Unit 29 ChiSquare GoodnessofFit Test Objectives: To perform the chisquare hypothesis test concerning proportions corresponding to more than two categories of a qualitative variable To perform the Bonferroni
More informationChiSquare Test. Contingency Tables. Contingency Tables. ChiSquare Test for Independence. ChiSquare Tests for GoodnessofFit
ChiSquare Tests 15 Chapter ChiSquare Test for Independence ChiSquare Tests for Goodness Uniform Goodness Poisson Goodness Goodness Test ECDF Tests (Optional) McGrawHill/Irwin Copyright 2009 by The
More informationStatistics. Annex 7. Calculating rates
Annex 7 Statistics Calculating rates Rates are the most common way of measuring disease frequency in a population and are calculated as: number of new cases of disease in population at risk number of persons
More informationRecommend Continued CPS Monitoring. 63 (a) 17 (b) 10 (c) 90. 35 (d) 20 (e) 25 (f) 80. Totals/Marginal 98 37 35 170
Work Sheet 2: Calculating a Chi Square Table 1: Substance Abuse Level by ation Total/Marginal 63 (a) 17 (b) 10 (c) 90 35 (d) 20 (e) 25 (f) 80 Totals/Marginal 98 37 35 170 Step 1: Label Your Table. Label
More informationVI. Introduction to Logistic Regression
VI. Introduction to Logistic Regression We turn our attention now to the topic of modeling a categorical outcome as a function of (possibly) several factors. The framework of generalized linear models
More informationElements of statistics (MATH04871)
Elements of statistics (MATH04871) Prof. Dr. Dr. K. Van Steen University of Liège, Belgium December 10, 2012 Introduction to Statistics Basic Probability Revisited Sampling Exploratory Data Analysis 
More informationAssociation Between Variables
Contents 11 Association Between Variables 767 11.1 Introduction............................ 767 11.1.1 Measure of Association................. 768 11.1.2 Chapter Summary.................... 769 11.2 Chi
More information112 Goodness of Fit Test
112 Goodness of Fit Test In This section we consider sample data consisting of observed frequency counts arranged in a single row or column (called a oneway frequency table). We will use a hypothesis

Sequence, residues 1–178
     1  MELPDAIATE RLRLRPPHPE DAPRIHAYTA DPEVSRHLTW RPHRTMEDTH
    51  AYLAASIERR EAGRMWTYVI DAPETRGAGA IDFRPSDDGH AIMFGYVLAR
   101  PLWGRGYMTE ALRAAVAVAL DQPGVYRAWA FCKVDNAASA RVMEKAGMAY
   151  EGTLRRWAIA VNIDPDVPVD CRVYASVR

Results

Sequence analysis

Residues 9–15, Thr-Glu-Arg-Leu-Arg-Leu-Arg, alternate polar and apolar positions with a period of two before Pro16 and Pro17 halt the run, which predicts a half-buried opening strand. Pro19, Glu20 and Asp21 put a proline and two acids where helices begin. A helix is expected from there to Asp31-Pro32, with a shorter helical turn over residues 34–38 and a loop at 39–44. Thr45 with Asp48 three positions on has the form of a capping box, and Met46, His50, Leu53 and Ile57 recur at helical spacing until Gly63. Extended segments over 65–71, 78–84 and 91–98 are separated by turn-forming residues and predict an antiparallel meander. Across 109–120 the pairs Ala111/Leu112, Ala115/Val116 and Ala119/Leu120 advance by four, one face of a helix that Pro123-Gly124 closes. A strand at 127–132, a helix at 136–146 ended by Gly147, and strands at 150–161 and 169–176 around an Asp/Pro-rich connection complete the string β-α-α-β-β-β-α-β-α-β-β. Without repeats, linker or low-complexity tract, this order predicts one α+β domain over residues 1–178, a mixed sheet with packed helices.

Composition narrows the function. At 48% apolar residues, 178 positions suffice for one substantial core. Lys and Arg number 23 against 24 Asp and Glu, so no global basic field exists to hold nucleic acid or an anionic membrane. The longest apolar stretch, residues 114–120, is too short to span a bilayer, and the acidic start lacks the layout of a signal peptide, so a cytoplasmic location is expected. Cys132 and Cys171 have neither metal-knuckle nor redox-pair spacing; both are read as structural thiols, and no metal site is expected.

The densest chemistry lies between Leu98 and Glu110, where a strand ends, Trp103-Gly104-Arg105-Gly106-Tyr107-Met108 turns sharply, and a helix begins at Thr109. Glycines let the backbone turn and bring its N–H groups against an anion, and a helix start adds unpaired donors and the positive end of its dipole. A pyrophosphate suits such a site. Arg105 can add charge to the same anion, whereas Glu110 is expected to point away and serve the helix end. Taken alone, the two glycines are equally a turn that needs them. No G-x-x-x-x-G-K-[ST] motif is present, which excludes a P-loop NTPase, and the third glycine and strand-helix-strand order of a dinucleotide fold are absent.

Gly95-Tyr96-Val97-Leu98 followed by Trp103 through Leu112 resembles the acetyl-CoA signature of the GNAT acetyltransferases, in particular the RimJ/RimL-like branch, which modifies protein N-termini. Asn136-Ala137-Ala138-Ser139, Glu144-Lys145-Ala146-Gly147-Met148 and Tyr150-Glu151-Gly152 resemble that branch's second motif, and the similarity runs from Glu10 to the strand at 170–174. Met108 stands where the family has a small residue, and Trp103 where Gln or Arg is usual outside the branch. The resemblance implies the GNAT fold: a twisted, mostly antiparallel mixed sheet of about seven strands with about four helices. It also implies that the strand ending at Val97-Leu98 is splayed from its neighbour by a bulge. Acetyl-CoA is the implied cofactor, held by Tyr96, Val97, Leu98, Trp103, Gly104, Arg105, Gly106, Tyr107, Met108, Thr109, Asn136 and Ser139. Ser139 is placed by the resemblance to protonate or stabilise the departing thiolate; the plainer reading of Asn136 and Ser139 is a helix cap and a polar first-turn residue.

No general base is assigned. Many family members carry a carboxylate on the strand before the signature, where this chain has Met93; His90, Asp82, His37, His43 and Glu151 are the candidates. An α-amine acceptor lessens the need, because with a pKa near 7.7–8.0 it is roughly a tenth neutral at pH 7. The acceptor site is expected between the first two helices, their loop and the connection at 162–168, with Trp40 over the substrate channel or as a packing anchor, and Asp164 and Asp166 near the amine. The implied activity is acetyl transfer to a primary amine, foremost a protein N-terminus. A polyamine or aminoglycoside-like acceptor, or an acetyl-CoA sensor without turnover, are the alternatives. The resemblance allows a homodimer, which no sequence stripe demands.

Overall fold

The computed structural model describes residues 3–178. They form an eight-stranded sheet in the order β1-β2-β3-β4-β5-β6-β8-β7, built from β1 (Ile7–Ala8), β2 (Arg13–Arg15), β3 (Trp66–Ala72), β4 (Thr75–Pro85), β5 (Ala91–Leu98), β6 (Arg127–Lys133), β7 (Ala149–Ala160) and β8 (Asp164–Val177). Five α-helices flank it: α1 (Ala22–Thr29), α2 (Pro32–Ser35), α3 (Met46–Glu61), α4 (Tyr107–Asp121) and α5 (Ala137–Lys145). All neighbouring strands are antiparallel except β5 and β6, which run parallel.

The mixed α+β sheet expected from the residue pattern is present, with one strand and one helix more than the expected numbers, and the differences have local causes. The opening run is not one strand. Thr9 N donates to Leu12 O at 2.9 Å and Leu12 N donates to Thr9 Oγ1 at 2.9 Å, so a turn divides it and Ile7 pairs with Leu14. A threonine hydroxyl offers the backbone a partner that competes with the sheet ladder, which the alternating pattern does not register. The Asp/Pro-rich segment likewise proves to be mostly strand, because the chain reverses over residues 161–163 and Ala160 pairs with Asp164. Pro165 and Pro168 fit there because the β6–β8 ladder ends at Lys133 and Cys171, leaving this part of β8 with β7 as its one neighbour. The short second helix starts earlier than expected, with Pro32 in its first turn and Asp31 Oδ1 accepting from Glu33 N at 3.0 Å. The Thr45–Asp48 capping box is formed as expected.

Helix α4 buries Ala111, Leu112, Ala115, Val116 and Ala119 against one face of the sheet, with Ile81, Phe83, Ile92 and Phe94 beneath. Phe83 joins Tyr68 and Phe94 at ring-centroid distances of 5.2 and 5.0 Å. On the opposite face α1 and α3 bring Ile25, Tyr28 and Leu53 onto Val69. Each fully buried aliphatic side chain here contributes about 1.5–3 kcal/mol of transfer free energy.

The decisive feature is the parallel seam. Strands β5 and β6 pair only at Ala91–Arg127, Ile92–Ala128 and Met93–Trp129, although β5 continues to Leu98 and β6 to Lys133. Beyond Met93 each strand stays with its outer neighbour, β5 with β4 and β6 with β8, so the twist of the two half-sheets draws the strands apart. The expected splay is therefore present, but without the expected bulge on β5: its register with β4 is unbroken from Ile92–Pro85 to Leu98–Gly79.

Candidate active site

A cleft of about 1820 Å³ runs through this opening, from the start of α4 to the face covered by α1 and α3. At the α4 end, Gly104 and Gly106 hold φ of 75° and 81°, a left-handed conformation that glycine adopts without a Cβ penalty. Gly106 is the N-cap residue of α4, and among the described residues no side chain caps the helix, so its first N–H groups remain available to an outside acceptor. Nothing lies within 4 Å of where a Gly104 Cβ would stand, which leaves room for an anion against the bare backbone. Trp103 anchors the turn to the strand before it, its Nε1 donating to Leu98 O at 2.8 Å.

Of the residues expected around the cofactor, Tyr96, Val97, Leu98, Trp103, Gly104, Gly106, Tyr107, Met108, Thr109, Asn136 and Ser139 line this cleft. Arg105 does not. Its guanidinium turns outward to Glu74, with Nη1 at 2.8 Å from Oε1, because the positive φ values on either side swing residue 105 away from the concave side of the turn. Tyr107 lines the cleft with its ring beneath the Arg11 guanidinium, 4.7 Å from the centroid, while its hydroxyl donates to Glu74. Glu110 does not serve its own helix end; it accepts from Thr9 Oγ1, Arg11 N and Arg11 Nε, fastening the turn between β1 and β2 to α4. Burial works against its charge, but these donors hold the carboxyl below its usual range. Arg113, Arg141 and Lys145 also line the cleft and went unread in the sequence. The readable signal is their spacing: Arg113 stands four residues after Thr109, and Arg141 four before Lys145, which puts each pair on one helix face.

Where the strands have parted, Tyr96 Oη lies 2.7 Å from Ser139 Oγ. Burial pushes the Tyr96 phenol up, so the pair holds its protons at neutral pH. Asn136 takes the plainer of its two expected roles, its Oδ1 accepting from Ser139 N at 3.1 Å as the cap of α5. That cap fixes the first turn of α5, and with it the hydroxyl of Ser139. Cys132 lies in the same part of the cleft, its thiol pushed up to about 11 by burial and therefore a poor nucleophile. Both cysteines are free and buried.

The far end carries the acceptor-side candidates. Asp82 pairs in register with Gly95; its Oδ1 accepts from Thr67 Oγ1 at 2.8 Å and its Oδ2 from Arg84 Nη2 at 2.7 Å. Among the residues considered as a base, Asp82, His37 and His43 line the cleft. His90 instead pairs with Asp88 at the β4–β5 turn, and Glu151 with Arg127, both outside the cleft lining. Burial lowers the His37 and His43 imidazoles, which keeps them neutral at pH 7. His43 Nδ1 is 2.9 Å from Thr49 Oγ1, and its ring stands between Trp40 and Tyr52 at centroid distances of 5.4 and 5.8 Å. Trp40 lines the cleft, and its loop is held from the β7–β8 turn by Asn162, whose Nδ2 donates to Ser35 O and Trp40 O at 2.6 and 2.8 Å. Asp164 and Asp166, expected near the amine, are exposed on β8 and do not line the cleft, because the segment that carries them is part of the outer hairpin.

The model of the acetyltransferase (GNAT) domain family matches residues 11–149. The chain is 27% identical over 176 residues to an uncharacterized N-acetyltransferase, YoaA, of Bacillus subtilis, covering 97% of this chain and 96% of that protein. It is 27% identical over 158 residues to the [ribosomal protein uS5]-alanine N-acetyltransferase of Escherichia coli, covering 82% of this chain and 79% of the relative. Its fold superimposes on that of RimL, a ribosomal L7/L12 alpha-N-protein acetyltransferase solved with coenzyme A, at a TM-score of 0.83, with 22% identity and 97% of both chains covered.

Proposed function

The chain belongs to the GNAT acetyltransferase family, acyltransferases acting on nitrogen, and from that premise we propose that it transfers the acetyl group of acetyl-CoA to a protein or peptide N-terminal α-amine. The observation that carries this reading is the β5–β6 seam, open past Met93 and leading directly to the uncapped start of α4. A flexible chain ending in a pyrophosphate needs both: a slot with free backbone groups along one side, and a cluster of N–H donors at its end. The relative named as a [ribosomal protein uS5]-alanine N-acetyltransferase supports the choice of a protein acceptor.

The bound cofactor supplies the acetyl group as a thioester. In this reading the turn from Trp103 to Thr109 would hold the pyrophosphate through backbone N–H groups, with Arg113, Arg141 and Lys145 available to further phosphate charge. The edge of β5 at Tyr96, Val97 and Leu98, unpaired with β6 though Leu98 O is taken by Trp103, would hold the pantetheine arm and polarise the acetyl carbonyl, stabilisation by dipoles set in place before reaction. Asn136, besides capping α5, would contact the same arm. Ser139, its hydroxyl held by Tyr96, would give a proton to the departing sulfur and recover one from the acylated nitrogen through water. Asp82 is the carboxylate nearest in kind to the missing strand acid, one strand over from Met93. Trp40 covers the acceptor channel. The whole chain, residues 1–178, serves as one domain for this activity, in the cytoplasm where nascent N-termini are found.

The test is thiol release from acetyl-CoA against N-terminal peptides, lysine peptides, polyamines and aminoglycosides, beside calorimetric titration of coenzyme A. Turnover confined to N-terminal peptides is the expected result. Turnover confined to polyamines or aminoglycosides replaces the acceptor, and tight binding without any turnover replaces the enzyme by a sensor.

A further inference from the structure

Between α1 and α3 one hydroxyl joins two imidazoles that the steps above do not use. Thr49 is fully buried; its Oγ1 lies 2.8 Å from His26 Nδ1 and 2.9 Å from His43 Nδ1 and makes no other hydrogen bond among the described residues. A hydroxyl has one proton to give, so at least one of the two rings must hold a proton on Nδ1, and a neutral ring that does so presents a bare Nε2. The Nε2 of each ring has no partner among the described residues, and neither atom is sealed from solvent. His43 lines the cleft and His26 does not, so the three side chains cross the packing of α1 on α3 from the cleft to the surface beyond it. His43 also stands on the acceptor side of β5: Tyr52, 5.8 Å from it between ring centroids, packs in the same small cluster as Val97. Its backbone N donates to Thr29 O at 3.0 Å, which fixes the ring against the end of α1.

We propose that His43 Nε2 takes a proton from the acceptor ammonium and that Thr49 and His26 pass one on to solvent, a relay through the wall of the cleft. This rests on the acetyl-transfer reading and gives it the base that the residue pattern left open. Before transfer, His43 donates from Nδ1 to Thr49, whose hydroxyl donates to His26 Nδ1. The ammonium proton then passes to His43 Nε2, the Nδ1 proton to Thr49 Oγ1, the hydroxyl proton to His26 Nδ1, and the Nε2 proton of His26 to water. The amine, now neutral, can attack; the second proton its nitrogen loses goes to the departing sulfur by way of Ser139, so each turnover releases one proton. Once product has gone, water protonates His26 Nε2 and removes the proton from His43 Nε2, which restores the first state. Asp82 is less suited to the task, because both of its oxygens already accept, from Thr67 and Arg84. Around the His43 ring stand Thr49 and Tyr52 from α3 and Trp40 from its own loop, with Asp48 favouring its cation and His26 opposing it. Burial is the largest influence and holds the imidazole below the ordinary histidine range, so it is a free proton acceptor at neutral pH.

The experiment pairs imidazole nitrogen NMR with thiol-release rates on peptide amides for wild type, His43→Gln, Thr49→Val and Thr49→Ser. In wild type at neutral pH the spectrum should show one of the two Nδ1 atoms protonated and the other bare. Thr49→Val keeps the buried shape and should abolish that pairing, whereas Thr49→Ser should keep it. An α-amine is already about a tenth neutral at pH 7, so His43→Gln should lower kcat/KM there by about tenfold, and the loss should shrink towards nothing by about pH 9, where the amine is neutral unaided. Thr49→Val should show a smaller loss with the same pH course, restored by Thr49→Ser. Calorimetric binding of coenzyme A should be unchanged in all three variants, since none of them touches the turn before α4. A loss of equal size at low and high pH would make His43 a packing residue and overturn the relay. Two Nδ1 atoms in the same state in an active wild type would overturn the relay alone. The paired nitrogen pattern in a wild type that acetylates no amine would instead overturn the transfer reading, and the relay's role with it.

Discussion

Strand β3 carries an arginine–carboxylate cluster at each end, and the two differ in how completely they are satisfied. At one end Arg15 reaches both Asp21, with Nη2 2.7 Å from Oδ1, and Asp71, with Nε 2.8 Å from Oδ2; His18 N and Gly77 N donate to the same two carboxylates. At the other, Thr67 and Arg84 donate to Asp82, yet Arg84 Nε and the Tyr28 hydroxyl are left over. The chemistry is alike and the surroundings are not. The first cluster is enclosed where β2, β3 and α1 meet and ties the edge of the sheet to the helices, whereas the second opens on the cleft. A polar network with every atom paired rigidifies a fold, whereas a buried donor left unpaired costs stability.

More informationContingency Tables and the Chi Square Statistic. Interpreting Computer Printouts and Constructing Tables
Contingency Tables and the Chi Square Statistic Interpreting Computer Printouts and Constructing Tables Contingency Tables/Chi Square Statistics What are they? A contingency table is a table that shows
More informationTwo Correlated Proportions (McNemar Test)
Chapter 50 Two Correlated Proportions (Mcemar Test) Introduction This procedure computes confidence intervals and hypothesis tests for the comparison of the marginal frequencies of two factors (each with
More informationMeasurement in Epidemiology: Frequency, Association, and Impact
Measurement in Epidemiology: Frequency, Association, and Impact Mayfong Mayxay M.D., Ph.D. (Trop Med) GFMER  WHO  UNFPA  LAO PDR Training Course in Reproductive Health Research Vientiane, 12 October
More informationIs it statistically significant? The chisquare test
UAS Conference Series 2013/14 Is it statistically significant? The chisquare test Dr Gosia Turner Student Data Management and Analysis 14 September 2010 Page 1 Why chisquare? Tests whether two categorical